Amendments to the law of 5 August 2005 on financial collateral arrangements
Posted - 09.08.2022
On 24 July 2002, the Law of 20 July 2022 (published in Mémorial A 371, with corrigendum published in Mémorial A 402) entered into force.
In particular, the Law of 20 July 2022 has amended a number of provisions of the Law of 5 August 2005 on financial collateral arrangements, as amended from time to time (“2005 Law”), which implemented Directive 2002/47/EC on financial collateral arrangements, as amended.
In most cases, the amendments introduced by the Law of 20 July 2022 clarify or consolidate practices developed by practitioners in relation to security interests governed by the 2005 Law.
Among the changes made to the 2005 Law, we set out below a list of those that are particularly relevant to the structuring of security interests governed by the 2005 Law:
1) Clarification of beneficiaries for transfers of title by way of security:
The definition of “ financial sector professional” now expressly includes any payment institution or any electronic money institution.
2) Exercise of rights attached to claims over insurance contracts:
The 2005 Law applies to financial collateral arrangements over financial instruments and claims.
As a reminder, the Law of 20 May 2011 (which first amended the 2005 Law by implementing Directive 2009/44/EC of the European Parliament and Council dated 6 May 2009) introduced a paragraph (4) in Article 5(b) of the 2005 Law, pursuant to which “ [...] The pledge of a claim implies the right for the pledgee to exercise the rights of the collateral provider linked to the pledged claim.”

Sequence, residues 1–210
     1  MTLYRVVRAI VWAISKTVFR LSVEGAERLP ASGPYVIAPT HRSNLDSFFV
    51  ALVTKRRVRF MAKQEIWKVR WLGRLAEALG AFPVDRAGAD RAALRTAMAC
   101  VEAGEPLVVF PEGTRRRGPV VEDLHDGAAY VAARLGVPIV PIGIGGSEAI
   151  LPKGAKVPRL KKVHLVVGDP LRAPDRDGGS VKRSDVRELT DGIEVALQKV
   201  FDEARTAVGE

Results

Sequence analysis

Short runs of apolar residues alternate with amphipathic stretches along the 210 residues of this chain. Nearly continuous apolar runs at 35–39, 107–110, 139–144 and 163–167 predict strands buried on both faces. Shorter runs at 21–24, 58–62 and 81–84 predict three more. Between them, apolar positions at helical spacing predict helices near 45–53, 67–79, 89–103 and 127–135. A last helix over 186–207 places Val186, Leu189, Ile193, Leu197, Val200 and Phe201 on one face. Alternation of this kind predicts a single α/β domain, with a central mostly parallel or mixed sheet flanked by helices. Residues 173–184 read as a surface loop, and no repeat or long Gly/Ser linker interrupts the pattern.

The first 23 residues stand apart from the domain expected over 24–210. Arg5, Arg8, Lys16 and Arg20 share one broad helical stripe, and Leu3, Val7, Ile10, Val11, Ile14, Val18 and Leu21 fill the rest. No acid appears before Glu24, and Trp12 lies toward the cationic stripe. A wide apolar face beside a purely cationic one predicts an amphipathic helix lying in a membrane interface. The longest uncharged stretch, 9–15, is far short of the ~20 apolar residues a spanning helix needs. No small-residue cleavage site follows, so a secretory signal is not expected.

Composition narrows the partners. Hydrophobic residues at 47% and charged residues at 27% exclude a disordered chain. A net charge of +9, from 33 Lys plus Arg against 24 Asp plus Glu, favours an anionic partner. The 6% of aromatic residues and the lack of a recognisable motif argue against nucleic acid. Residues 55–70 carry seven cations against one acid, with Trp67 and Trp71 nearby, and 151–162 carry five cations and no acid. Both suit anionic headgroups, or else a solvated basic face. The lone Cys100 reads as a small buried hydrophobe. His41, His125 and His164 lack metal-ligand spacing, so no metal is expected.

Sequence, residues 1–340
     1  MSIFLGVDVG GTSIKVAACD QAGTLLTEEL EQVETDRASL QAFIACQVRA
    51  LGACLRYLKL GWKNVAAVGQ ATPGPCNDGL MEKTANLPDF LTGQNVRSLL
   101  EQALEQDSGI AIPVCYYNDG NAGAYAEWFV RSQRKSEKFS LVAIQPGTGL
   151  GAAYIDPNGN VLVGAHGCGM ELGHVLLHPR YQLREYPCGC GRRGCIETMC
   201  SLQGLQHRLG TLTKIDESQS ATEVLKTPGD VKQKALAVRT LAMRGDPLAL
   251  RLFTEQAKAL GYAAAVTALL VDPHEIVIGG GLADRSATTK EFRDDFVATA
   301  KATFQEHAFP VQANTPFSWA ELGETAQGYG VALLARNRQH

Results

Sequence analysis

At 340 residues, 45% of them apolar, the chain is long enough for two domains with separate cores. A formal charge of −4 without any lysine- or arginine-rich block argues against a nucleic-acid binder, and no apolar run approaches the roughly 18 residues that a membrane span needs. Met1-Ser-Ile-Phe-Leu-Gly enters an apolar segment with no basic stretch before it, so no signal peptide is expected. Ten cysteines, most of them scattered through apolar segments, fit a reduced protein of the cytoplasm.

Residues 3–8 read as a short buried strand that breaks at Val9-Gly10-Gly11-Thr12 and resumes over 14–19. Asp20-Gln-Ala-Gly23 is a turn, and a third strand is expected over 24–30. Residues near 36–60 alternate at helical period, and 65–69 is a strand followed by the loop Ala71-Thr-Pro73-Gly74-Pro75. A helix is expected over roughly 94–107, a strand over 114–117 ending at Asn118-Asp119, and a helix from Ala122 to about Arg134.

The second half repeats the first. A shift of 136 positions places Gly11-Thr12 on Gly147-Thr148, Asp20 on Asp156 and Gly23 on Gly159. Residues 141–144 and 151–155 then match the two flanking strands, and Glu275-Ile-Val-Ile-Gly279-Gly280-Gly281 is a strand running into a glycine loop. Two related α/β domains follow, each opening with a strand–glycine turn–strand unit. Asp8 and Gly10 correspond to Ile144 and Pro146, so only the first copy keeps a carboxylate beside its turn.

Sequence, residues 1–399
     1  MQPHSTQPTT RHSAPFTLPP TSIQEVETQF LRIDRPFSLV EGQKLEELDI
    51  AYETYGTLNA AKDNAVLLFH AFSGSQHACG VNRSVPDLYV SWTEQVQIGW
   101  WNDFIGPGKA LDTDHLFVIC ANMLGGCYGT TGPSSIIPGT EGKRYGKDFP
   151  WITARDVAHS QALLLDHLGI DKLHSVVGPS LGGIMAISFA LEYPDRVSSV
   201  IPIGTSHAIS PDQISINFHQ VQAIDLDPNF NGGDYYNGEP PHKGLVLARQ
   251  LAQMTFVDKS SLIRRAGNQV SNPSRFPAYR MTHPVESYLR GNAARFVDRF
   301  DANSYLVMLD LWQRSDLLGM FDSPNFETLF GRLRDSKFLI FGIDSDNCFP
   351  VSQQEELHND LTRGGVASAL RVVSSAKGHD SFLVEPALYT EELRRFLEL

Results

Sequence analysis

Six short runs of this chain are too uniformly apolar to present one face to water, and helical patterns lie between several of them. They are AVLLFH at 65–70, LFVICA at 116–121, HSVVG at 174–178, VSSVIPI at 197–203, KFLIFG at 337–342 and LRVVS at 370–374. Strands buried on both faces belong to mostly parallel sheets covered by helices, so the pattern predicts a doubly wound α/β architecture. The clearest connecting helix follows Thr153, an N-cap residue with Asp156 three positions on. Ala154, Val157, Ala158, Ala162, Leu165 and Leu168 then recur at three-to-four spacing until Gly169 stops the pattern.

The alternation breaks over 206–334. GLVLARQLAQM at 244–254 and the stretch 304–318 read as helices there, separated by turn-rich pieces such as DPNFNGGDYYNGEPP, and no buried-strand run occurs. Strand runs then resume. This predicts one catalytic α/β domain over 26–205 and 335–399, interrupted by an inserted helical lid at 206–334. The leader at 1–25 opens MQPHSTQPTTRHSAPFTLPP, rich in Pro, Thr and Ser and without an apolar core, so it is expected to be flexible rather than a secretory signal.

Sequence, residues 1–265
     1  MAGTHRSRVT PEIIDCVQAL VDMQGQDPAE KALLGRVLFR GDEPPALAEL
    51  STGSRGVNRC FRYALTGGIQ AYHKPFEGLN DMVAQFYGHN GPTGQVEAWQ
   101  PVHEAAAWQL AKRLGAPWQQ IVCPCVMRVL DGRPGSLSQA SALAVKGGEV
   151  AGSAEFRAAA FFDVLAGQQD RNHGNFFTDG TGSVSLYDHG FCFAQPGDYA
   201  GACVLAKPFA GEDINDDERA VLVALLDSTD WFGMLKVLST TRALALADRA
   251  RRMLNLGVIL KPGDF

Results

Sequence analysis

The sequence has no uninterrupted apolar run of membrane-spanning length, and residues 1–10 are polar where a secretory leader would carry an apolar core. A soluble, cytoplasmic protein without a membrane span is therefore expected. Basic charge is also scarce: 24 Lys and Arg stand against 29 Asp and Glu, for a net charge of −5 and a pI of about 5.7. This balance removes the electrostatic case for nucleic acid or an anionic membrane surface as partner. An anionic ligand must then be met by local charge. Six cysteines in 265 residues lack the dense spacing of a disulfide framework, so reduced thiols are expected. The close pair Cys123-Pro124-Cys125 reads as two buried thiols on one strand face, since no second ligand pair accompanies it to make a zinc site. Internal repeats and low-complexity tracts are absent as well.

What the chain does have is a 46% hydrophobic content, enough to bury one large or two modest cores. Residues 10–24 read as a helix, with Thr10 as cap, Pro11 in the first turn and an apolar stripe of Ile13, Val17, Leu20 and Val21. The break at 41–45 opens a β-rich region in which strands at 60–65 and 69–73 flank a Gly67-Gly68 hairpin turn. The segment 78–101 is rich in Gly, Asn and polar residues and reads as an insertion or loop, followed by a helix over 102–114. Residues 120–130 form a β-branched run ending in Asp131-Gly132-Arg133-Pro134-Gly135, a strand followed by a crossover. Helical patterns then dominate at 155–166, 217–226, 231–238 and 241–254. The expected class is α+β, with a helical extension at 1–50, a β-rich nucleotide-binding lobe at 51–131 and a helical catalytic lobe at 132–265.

The Law of 20 July 2022 has introduced a paragraph (g) in Article 11 of the 2005 Law (article on means of enforcement) which allows the pledgee in the event of an enforcement event “ [to] exercise all the rights arising under the pledged insurance contract, including, in the case of a life insurance contract or a capital redemption operation, the right to surrender, or request the insurance undertaking to pay any amounts due pursuant to the insurance contract”.
The addition of this paragraph enshrines the exercise of the rights attached to the claim against the insurer.
3) Terms and conditions of enforcement:
- The definition of “enforcement event” now expressly refers to an event of default or any other event whatsoever as agreed between the parties. The addition of the word “whatsoever” emphasises that the parties are entirely free to determine by agreement the events the occurrence of which may trigger the enforcement of the collateral without the financial obligations having to become necessarily due and payable.
The parliamentary work on the Law of 20 July 2002 cites examples such as non-compliance with certain financial ratios (which had been confirmed by the Courtepaille judgment) or other factors relating to particular aspects of a transaction.
- The Law of 20 July 2022 has introduced a new paragraph 5 in Article 11 of the 2005 Law (as copied below) : "Where the relevant financial obligations are not due at the time the pledge is realised following an event agreed between parties as constituting an enforcement event, the proceeds of the realisation shall be, unless otherwise agreed, applied to satisfy the relevant financial obligations.”
This new paragraph is directly related to the definition of “enforcement event”, which allows the pledgee to realise its security following a default or any other event whatsoever as agreed between the parties while the financial obligations are not necessarily due and payable.